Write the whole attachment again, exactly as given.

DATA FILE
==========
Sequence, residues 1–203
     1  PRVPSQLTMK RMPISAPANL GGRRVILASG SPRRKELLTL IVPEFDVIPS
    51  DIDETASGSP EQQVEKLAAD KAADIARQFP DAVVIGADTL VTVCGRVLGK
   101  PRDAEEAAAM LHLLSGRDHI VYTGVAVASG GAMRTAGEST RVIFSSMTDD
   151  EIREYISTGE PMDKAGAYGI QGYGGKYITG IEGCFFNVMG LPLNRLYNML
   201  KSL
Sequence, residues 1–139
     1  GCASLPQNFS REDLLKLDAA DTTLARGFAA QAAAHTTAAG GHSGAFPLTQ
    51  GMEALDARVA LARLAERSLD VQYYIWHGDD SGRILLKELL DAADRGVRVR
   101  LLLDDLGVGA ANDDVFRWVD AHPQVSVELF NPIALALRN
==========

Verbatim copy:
Sequence, residues 1–203
     1  PRVPSQLTMK RMPISAPANL GGRRVILASG SPRRKELLTL IVPEFDVIPS
    51  DIDETASGSP EQQVEKLAAD KAADIARQFP DAVVIGADTL VTVCGRVLGK
   101  PRDAEEAAAM LHLLSGRDHI VYTGVAVASG GAMRTAGEST RVIFSSMTDD
   151  EIREYISTGE PMDKAGAYGI QGYGGKYITG IEGCFFNVMG LPLNRLYNML
   201  KSL
Sequence, residues 1–139
     1  GCASLPQNFS REDLLKLDAA DTTLARGFAA QAAAHTTAAG GHSGAFPLTQ
    51  GMEALDARVA LARLAERSLD VQYYIWHGDD SGRILLKELL DAADRGVRVR
   101  LLLDDLGVGA ANDDVFRWVD AHPQVSVELF NPIALALRN